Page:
Difference between revisions of "Functional Magnetic Resonance Imaging"

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'''Functional Magnetic Resonance Imaging''', or '''fMRI''', is a new form of brain imaging. It builds on the earlier [[MRI]] technique which primarily is used for anatomical analysis. The fMRI detects increased blood flow to areas of the brain, since activation of neurons requires an increase in metabolism and nutritional requirements it is theorized that this increase in blood flow correlates with what areas of the brain are most active.
 
'''Functional Magnetic Resonance Imaging''', or '''fMRI''', is a new form of brain imaging. It builds on the earlier [[MRI]] technique which primarily is used for anatomical analysis. The fMRI detects increased blood flow to areas of the brain, since activation of neurons requires an increase in metabolism and nutritional requirements it is theorized that this increase in blood flow correlates with what areas of the brain are most active.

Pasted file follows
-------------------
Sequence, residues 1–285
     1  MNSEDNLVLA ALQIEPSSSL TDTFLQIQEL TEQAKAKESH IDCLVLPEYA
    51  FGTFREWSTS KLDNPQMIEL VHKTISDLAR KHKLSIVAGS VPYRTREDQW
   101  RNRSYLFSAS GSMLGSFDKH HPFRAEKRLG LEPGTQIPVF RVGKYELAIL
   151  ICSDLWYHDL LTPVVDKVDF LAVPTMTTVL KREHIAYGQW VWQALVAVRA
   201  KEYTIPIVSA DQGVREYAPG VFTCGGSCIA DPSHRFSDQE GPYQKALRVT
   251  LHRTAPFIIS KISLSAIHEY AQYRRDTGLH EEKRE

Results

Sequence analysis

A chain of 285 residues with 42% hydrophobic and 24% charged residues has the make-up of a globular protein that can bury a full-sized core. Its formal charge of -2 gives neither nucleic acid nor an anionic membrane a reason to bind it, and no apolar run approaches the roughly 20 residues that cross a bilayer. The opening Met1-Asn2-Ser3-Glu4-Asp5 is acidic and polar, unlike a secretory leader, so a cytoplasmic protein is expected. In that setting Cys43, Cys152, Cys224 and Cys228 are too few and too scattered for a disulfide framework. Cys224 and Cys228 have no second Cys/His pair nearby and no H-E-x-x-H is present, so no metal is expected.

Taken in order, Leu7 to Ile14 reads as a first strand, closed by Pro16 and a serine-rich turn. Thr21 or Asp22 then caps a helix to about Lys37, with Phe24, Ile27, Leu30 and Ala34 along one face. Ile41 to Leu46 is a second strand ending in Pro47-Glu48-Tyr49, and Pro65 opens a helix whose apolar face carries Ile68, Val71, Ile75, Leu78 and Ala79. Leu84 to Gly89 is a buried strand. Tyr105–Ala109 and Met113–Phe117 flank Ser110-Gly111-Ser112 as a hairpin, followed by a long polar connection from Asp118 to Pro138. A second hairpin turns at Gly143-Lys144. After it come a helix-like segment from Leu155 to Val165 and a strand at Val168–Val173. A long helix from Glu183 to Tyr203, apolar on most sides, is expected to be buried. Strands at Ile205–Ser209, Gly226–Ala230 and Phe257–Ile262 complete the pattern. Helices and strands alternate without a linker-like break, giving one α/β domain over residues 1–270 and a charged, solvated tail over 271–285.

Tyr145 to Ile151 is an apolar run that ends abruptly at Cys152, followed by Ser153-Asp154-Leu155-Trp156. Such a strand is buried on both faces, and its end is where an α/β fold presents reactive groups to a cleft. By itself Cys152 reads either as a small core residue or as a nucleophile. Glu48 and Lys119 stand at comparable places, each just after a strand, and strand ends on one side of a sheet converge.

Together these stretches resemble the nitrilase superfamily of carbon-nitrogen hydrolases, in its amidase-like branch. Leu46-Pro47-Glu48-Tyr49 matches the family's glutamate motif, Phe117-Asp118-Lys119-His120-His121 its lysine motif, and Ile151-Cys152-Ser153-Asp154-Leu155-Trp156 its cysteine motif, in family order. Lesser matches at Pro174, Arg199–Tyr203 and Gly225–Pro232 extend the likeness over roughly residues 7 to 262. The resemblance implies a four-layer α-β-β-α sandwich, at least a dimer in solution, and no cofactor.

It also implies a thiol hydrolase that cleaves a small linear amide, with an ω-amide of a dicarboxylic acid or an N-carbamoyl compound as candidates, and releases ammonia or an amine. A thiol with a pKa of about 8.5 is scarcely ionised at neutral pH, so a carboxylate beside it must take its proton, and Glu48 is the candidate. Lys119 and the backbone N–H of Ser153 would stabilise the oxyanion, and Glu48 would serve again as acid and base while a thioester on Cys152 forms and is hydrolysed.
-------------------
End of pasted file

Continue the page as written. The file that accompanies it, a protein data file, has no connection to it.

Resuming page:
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There has been some interest in the use of fMRI to replace [[Polygraph]] machines, if it can be determined which parts of the brain light up when a subject is lying.
  
 
==References==
 
==References==

Latest revision as of 20:46, 17 February 2011

Functional Magnetic Resonance Imaging, or fMRI, is a new form of brain imaging. It builds on the earlier MRI technique which primarily is used for anatomical analysis. The fMRI detects increased blood flow to areas of the brain, since activation of neurons requires an increase in metabolism and nutritional requirements it is theorized that this increase in blood flow correlates with what areas of the brain are most active.

There has been some interest in the use of fMRI to replace Polygraph machines, if it can be determined which parts of the brain light up when a subject is lying.

References

  • Kandel, ER; Schwartz JH, Jessell TM (2000). Principles of Neural Science, 4th ed., New York: McGraw-Hill. ISBN 0-8385-7701-6.